It began as a persistent high pressure weather pattern over the Gulf of Alaska in the autumn of 2013. With more sunshine and lighter winds, it prevented the usual extent of winter cooling of the sea surface, and so it caused an offshore region of warmer than usual water to form.

And then it expanded into something huge, got named The Blob, and sea surface temperatures rose more than 3 degrees C (5 degrees F) warmer than average, warmer than anything on record. During 2014-2015 it moved shoreward bringing warm weather to the West coast from Alaska south to the North West States, reducing the snow pack and all that implies.

The Pacific Blob has expanded into three major parts extending south along the west coast of North America. The darker the red, the warmer the sea surface temperature relative to recent averages (noaa.gov)

The Pacific Blob has expanded into three major parts extending south along the west coast of North America. The darker the red, the warmer the sea surface temperature relative to recent averages (noaa.gov)

It also has also created relative havoc in the coastal waters: the southerly flowing cool coastal California Current has weakened, warmer water has pushed north, and sub-tropical species of fish are turning up in the Gulf of Alaska.

This past month a most astonishing crab, the Red Tuna Crab, Pleuroncodes planipes, has also turned up, stranding by the thousands upon thousands on the shores of Southern California from Ocean Beach to La Jolla. This is a crab that looks as if it wants to be a shrimp. It spends its whole life cycle swimming in the water column off the bottom, voraciously eating plankton, forming immense swarms, fed on by whales, porpoises, larger fish and seabirds Not by humans though, because of some toxins it carries.

The Red Tuna Crab Pleuroncodes planipes swims up and down in the water column, its uncurled tail making it look more like a shrimp, but it is still a crab (scripps.ucsd.edu)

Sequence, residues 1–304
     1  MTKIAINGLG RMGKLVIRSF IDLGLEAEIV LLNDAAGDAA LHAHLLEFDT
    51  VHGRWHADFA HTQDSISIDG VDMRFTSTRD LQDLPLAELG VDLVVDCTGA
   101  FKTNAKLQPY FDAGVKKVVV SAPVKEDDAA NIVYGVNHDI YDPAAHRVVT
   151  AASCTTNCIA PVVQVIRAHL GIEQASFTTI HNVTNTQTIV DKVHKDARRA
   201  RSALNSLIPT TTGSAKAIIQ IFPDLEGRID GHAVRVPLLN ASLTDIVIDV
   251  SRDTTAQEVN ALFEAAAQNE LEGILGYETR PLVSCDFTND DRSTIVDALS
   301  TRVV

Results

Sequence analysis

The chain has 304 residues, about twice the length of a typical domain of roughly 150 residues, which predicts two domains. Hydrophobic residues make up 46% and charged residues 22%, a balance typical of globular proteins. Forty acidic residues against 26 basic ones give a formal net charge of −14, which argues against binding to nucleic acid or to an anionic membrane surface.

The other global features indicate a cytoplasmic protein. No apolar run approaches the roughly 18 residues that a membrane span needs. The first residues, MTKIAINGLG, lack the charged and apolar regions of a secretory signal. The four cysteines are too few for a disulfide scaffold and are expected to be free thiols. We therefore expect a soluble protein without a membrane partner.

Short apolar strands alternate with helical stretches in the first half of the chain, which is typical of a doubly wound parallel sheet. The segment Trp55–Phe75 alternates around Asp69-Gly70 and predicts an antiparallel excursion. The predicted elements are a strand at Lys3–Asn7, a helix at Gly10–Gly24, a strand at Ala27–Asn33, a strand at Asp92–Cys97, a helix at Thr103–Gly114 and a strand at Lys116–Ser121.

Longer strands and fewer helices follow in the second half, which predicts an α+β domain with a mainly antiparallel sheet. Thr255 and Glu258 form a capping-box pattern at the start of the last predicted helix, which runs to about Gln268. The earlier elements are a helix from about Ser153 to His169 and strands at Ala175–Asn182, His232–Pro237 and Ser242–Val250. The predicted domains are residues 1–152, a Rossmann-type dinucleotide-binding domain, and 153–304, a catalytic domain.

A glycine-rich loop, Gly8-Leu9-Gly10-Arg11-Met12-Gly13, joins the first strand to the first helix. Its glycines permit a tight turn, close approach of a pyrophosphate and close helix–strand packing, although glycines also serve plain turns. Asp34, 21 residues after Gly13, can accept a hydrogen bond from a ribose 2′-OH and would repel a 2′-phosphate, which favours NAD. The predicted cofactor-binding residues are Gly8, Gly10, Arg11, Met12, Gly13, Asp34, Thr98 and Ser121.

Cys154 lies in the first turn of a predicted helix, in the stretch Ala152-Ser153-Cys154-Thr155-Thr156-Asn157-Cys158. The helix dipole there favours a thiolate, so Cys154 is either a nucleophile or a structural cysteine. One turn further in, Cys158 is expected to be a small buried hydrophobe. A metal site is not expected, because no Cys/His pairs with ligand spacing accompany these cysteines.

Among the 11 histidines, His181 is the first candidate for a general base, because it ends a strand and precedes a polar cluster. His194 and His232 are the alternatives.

The Red Tuna Crab Pleuroncodes planipes swims up and down in the water column, its uncurled tail making it look more like a shrimp, but it is still a crab (scripps.ucsd.edu)


Vast swarms of the Red Tuna Crab have stranded this past month on beaches in Southern California (usatoday.com)

Vast swarms of the Red Tuna Crab have stranded this past month on beaches in Southern California (usatoday.com)

Normally it lives in the warmer water of the Gulf of California and along the west coast of Baja. Subject to winds, tides and currents, in warmer years – El Nino years, for instance – stranded swarms are not that unusual on the shores of southern California. But of course, the past couple of years have not been El Nino years.

They have been the years of The Pacific Blob.

We don’t know yet the full extent of the impact of The Blob. But fish that have been seen far north of their regular sub-tropical coastal waters, even to the Gulf of Alaska, include skipjack tuna and albacore, Ocean Sunfish and Thresher Sharks. The strandings of the siphonophore jellyfish Velella in the summer of 2014, the starving Cassin’s Auklets, the starving California Sea Lion pups now dying along many parts of the west coast – these are all probably victims of The Blob.

Among many associated problems, fewer nutrients are reaching the warmer surface waters, chlorophyll amounts have dropped – affecting plankton abundance – and a lack of small fish for foraging adult auklets and sea lions may explain their starving and dying offspring.

Cassin's Auklets dive for fish to feed their offspring. Starving birds indicates a lack of fish (pressdemocrat.com)

Cassin’s Auklets dive for fish to feed their offspring. Starving birds indicates a lack of fish (pressdemocrat.com)

How will the salmon of the Alaskan, BC and Northwest coasts be affected? Well, we’ll see soon enough, but it cannot be good.

Why did this all happen? There is an intriguing link to weather patterns in the southern tropical Pacific, but nothing certain. Is there a link to climate change? We don’t know. How will it end? It just needs the winds of the Gulf of Alaska to pick up again, and all should return to normal.

The elusive normal. What we know is that most marine animals are closely tied to the sea temperatures around them. We know that now, finally, after several years of inaction, a new and seemingly major El Nino is developing, the first like this since the crippling one of 1997-19978, and the warm coastal temperatures will persist.

At the least we are probably getting a preview of what warming oceans will be like on the west coast in the decades ahead. Not reassuring perhaps, but fascinating none the less.

But normal? There is no normal. Perhaps there never was.